- The legislation should define a mechanism to deal with the abuse of power by any authorities. The working group did not reach an agreement regarding the exact process of ensuring such protection or mechanism and thus it requires further deliberations.
- For an establishment of a National Commission on Safety of Journalists within the future law :
- Could include multiple stakeholders: Government representatives such as a Chairman of National Assembly standing committee on information and broadcasting, Human Rights defenders selected in consultation with PFUJ and members of judiciary
- Could engage special prosecutors at different levels to prosecute the cases involving security incidents related to journalists and media workers
- Could expedite, monitor and maintain an oversight of the investigations being carried out to in cases of attacks and threats to journalists – it may have a team of special investigators who could work with the local law enforcement to strengthen the investigations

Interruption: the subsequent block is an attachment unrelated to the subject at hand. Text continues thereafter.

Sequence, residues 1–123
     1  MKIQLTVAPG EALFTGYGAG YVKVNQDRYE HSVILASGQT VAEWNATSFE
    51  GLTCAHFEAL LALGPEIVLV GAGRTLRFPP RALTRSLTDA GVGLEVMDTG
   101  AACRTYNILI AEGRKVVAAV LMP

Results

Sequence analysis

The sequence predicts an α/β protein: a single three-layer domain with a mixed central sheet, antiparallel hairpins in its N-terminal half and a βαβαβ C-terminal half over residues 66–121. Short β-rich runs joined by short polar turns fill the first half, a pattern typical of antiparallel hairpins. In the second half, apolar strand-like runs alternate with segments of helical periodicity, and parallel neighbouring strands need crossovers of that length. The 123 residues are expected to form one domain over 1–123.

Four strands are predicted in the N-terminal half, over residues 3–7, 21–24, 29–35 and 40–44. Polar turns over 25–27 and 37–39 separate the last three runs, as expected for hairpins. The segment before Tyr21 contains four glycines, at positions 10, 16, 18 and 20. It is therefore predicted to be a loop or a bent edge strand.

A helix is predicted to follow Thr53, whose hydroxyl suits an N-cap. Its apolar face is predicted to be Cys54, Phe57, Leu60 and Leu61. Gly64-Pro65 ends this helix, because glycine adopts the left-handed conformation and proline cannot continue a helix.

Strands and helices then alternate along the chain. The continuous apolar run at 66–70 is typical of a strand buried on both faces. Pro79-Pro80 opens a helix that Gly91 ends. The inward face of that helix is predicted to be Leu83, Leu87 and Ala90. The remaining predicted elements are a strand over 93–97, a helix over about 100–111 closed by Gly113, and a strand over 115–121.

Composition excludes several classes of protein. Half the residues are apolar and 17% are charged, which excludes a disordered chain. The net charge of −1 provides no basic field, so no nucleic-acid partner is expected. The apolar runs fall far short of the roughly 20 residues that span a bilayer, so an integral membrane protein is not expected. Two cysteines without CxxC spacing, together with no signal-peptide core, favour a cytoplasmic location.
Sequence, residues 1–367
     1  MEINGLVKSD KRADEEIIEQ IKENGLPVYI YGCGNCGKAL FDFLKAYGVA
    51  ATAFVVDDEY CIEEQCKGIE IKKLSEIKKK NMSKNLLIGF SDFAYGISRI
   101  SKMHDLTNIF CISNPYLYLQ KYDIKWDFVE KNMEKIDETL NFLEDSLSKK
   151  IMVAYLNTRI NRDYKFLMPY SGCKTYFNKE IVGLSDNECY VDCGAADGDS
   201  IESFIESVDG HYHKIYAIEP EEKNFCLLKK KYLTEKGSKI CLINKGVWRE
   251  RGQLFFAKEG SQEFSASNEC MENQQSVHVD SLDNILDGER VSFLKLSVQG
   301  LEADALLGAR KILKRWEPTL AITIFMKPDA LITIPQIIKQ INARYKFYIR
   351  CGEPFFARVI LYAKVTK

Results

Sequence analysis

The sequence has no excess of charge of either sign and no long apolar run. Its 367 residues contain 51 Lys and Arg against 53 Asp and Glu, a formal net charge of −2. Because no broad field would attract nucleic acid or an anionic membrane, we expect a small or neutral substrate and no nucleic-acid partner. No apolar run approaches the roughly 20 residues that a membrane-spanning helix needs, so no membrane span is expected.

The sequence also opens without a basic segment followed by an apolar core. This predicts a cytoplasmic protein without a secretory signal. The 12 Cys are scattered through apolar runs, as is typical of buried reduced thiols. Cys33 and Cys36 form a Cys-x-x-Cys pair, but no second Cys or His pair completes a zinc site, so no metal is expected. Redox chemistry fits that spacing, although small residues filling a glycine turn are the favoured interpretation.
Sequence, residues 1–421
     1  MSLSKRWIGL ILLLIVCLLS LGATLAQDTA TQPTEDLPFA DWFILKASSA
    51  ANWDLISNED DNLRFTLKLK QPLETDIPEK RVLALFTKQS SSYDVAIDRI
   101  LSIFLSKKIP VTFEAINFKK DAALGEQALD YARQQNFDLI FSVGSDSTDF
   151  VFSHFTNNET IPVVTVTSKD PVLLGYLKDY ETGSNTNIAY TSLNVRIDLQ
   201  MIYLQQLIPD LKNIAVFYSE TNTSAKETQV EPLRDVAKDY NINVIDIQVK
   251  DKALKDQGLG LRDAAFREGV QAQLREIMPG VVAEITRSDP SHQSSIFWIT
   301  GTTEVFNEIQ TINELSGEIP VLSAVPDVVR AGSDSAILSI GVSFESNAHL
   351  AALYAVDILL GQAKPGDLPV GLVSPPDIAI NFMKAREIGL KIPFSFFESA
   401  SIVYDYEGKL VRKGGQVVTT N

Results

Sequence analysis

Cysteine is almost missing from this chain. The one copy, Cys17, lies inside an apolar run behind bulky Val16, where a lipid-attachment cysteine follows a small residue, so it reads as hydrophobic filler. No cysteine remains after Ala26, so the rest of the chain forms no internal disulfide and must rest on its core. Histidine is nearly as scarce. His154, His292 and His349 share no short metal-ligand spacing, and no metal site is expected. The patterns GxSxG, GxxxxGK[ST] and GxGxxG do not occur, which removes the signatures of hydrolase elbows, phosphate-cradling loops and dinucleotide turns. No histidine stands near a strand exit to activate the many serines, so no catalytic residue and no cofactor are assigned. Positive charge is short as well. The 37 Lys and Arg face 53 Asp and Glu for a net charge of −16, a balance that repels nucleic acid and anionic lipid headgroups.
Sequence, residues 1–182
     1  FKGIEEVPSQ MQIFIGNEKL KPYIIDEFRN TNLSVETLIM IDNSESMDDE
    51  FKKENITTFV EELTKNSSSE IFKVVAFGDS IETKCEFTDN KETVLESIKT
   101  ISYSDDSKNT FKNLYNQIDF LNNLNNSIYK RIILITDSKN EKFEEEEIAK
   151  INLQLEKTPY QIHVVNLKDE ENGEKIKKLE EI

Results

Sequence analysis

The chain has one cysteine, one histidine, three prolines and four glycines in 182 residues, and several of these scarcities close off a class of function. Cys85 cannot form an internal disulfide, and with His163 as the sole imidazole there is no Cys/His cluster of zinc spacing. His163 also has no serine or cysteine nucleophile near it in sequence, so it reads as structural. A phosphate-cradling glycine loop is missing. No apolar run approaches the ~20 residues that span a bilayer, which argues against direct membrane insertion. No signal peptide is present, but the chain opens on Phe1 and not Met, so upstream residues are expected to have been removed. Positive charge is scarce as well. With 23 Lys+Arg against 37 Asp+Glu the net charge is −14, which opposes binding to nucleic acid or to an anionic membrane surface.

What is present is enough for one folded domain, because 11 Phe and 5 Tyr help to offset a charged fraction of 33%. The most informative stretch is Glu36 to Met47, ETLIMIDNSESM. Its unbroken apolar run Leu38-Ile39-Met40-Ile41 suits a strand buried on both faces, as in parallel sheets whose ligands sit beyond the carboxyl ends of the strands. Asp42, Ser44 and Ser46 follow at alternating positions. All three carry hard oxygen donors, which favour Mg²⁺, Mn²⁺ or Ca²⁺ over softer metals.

- For complementary actions to be taken:
- Advocacy activities will be needed to ensure that the Federal legislation will be replicated in other provinces
Senior journalists and experts on Right to information law raised the main issues that Journalists and Media workers are facing today in Pakistan. Mr. Hamid Mir, the Senior Journalist, alerted about the danger of impunity and highlighted a large number of killed journalists since 2000 in Pakistan, estimated at 115. According to Mr. Mir, the national interest should not be discordant with the public interest and the protection of the public interest is a duty of each journalist. He also stressed the alarming media index given by Reporters Without Borders indicating that media censorship is increasing in Pakistan.
Mr. Muhammed Ziauddin, the Senior Journalist, agreed with Mr. Mir’s opinion and underlined the problem of self-censorship widely practiced by the journalists. He highlighted the critical situation of the journalists in Balochistan, Federally Administered Tribal Areas and Karachi where journalists are attacked by different actors including extremist groups. He considered that the main role of the journalist is to watchdog but since the situation is such the role is hard to be accomplished. The media industry, according to him, is also facing some internal difficulties which makes it very hard for someone to work in this field these days.